Dhoni had skipped the birth of his daughter to compete in the World Cup in Australia, saying: “I am on national duties, so I think everything else can wait.”
Five years later, the same dilemma faces another Indian cricket captain. Only this time Virat Kohli has put his family before his profession.
“It is a very, very special and a very, very beautiful moment in our lives and something that I truly want to experience,” the Indian captain said. Kohli said his decision was influenced by the fact he would have to quarantine in both countries — meaning if his child was born while he was abroad, he wouldn’t immediately be able to fly home and be with his family.
Kohli’s decision to put his family over cricket evoked mixed reactions.
Rajdeep Sardesai, author of “Democracy’s XI — The Great Indian Cricket Story,” believes Kohli’s decision could set a precedent for men across India wanting to take paternity leave.
“It encourages others who otherwise might have thought twice or might be constrained by the social environment in which they live, to break free,” he says.
Where India stands on parental leave
But, while central government employees are entitled to 15 days of paternity leave, there is no national law mandating leave for new fathers.
Simantini Ghosh, assistant professor of psychology at India’s Ashoka University, says that to advance gender equality, it is critical for men to participate in domestic work and parenting. She says paternity leave not only benefits couples, but children, too. “The child grows up in a more egalitarian and equal family… they have a higher likelihood of developing to adults with a much fairer understanding of gender justice and equality in relationships,” she says.
“An absence of paternity leave implies that childcare is the responsibility of only the mother. A paternity leave policy can help in incremental attitudinal changes and to remove gender role distinctions,” Satav wrote in the proposed Bill.
The Bill did not move forward in Parliament, although a senior official in the Labor Ministry said extending paternity leave to other sectors could not be ruled out in the near future.
Why India needs a paternity law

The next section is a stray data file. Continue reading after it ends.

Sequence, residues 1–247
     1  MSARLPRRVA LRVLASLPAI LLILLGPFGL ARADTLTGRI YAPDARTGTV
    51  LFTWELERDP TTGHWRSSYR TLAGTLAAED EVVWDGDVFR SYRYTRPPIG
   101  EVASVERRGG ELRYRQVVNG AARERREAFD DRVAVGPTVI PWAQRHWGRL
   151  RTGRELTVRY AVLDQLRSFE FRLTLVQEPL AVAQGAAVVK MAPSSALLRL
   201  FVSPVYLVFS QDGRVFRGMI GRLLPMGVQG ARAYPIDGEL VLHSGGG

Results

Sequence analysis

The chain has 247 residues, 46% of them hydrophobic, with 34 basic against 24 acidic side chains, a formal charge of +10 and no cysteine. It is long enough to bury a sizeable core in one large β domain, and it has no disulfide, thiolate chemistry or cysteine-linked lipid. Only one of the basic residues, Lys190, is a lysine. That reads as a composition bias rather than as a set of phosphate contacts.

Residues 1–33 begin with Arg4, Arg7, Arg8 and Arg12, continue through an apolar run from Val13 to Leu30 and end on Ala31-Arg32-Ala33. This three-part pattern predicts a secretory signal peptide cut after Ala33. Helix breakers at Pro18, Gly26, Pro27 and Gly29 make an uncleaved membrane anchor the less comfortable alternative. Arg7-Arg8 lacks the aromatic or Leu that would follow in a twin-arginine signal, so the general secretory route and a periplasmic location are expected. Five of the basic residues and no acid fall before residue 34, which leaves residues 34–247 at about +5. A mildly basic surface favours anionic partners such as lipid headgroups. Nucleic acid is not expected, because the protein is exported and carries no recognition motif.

Sociologist Shiv Visvanathan says Kohli is trying to shift that message. “A change in the way we consider family is necessary. Modern men need exemplars and Kohli’s decision will make people see in this the grand possibility of social revolution,” says Shiv.
Karn Bawari, who works for a leading corporate in Mumbai, will take the 14 days of paternity allowance his firm offers when his wife has their second baby in March. But the 34-year-old would like to take longer. “Modern parenting demands a longer paternity leave. It’s not the mother’s job alone to raise a child,” he says.
“Kohli’s decision to take paternity leave should serve as an eye-opener to many.”
But not everyone feels that way.
Prayag Mohanty, 36, lives in India’s IT hub of Bengaluru with his wife of more than two years.
At the venture capital fund, where he is a senior vice-president, new fathers can take 7 to 14 days of paternity leave.
While the couple is yet to decide on whether to have a baby, Mohanty says when the time comes, he won’t need more than the stipulated paternal leave mandated by the company. “My parents live in the same city and can help with care-giving,” he says.
He believes Kohli should have followed his ex-captain’s footsteps. “Dhoni didn’t see his newborn for over two months since he was on national duty”, says Mohanty.
The right man for the message
If there was anyone who could speak to the Indian masses persuasively, perhaps it is Kohli: a beloved cricketer, adored by young Indians in particular, who long ago proved his dedication to the nation.
In 2007, Kohli’s father died while the cricketer was playing for Delhi in the Ranji Trophy — India’s most prestigious competition, played between teams representing regional and state cricket associations.
Despite the huge personal loss, Kohli decided to resume his game at the stadium the next morning. Kohli left the stadium for the crematorium to attend the last rites of his father, the man who had always supported his dream to be a cricketer.
Ghosh says a very subtle but important message has been conveyed by Kohli, who generally has a “tough guy” image.
Simply put, she says: “Trying to be an involved and hands-on father does not emasculate a man.”